Greenland is pure magic.  The visual beauty, the wonderful and gracious people you work with along the way, and the rich culture of Greenland have a way of getting under your skin – and staying with you forever.  

Most important to filming in Greenland are the unique towns and settlements, and the stories you hear along the way.  Towns like Ilulissat and Uummannaq are such visual spectacles, pulled straight from the annals of a fantasy novel.  They are locations that could never be built, and having the opportunity to have shot them with my crews was a dream that I hope to continue to return to my entire life.

The greatest challenge to filming in Greenland is how cost prohibitive it can be.  I get approached on a weekly basis from people in the US and Western Europe with fantastic stories and ideas – and true interest to finance them – that can’t be made due to the cost of heading north.  With such fixed facilities and few financial benefits to help make my budgets flexible, most can’t plan for the unexpected, or even make the trip to Greenland at all.

The glue holding together any great film or TV project is open, honest collaboration, in which all parties are working together to raise the ceiling of the projects potential as much as physically possible.  I see that desire in my best collaborators in Greenland, and they’re the reason I keep wanting to come back.

Greenland is one of the few places on the planet where you will realize just how small we humans really are – just a tiny part of the puzzle in our Earth’s history.

We are Ace & Ace, a Danish film production company, and we had our first production experiences in Greenland in 1996. We instantly fell in love with the Greenlandic people, the landscapes, the nature, the breathtaking panoramas and the mind-blowing adventures that we had there.

In the last twenty years we have produced more than 40 films for companies in Greenland and produced close to 30 TV-shows for a number of broadcasters. Some of these TV-shows have been distributed to TV-channels in 50+ countries, including Discovery Channel and National Geographic USA. We are proud to have been able to show some exciting stories and adventures from Greenland to a global audience.

Producing in Greenland requires careful planning, and you need to have great respect for the wild and dramatic nature. For us it has always been of great importance to work together with our extensive network of Greenlandic people, who have unique regional knowledge, and on a personal level always makes you feel at home. Having respect for these conditions have always brought us amazing images, great stories and spectacular adventures.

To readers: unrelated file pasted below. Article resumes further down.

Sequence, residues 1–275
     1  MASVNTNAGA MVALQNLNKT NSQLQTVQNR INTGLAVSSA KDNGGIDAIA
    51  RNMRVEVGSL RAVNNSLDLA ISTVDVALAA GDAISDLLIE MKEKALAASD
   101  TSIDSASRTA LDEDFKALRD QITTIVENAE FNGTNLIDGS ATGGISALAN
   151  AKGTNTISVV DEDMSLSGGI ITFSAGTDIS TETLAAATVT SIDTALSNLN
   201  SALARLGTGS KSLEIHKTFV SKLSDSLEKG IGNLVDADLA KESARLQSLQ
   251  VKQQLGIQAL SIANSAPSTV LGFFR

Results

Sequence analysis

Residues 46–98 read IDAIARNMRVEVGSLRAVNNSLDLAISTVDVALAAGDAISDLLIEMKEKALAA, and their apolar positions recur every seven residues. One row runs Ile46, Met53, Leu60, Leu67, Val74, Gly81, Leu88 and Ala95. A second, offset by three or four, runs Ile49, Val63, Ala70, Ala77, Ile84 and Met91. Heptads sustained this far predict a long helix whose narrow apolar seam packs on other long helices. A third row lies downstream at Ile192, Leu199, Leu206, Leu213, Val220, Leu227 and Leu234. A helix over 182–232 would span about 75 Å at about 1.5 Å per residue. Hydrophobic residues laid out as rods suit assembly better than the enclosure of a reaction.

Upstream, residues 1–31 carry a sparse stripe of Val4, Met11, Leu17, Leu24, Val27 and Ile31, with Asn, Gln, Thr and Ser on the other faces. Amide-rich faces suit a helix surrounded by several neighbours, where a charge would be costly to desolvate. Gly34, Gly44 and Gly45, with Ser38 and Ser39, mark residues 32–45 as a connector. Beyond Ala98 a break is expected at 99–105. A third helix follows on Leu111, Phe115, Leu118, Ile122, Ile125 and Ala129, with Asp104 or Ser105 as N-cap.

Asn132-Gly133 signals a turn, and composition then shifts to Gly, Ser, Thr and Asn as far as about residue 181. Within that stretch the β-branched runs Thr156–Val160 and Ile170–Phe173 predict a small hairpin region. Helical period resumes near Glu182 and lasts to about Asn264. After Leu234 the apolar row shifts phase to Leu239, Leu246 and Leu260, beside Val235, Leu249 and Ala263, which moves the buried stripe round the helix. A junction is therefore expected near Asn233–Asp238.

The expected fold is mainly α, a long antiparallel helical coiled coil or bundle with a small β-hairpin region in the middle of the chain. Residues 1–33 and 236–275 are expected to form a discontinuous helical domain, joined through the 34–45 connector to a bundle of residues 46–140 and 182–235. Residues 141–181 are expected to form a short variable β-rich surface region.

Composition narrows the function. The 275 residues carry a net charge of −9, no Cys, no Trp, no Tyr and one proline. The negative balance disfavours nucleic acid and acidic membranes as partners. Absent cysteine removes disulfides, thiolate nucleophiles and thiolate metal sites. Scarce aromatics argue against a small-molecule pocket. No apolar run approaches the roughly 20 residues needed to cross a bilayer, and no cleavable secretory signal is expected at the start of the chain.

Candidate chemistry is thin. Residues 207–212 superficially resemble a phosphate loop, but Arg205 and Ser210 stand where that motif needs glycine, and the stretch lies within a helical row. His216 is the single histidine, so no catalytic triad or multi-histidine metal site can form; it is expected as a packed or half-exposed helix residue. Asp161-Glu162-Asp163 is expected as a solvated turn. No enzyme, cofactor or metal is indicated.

Grønlænderne kan fortælle fænomenale historier om kulturmøder, klimaforandringer og overlevelse.

Tusinder af års historie på toppen af verden har skabt en skatkiste af erfaring og indsigt, der har tydelig, global aktualitet. Kerneudfordringen for tv-dokumentarister er sproget, men med den rette tilgang kan den overkommes.

Grønlænderne vil som alle andre gerne fortælle, hvis de møder ægte interesse. Det kræver tid, tid og atter tid – og ofte en tolk – men så kan gevinsten til gengæld være stor.

Giver man lidt af sig selv, får man rigtigt meget igen.

I have made films across the globe, but there is no place like Greenland.

Beyond the stunning landscapes and the dramatic polar light, the authenticity of the Greenlandic people and the depth of their rich culture are an inspiration for me as a storyteller.

Over the last fifteen years, I’ve had the privilege to shoot four films in Northern Greenland. Once you’ve tasted the magic of the arctic and its people, you’re always itching for more.

The location shoot around Nuuk was essential for Louise Friedberg’s feature film “The Experiment”.

We were met with great flexibility and courtesy as we scouted for locations, and that local attitude helped to secure a very successful shoot.

I was blown away by the natural beauty of Greenland, the grand scale of its scenery, the quietness, the sounds of nature, the brightness of the air and the light, the kindness of its people.

“An African in Greenland” will be shooting in the Ilulissat and Uummannaq areas in 2017.

© 2016 KathArt and Visit Greenland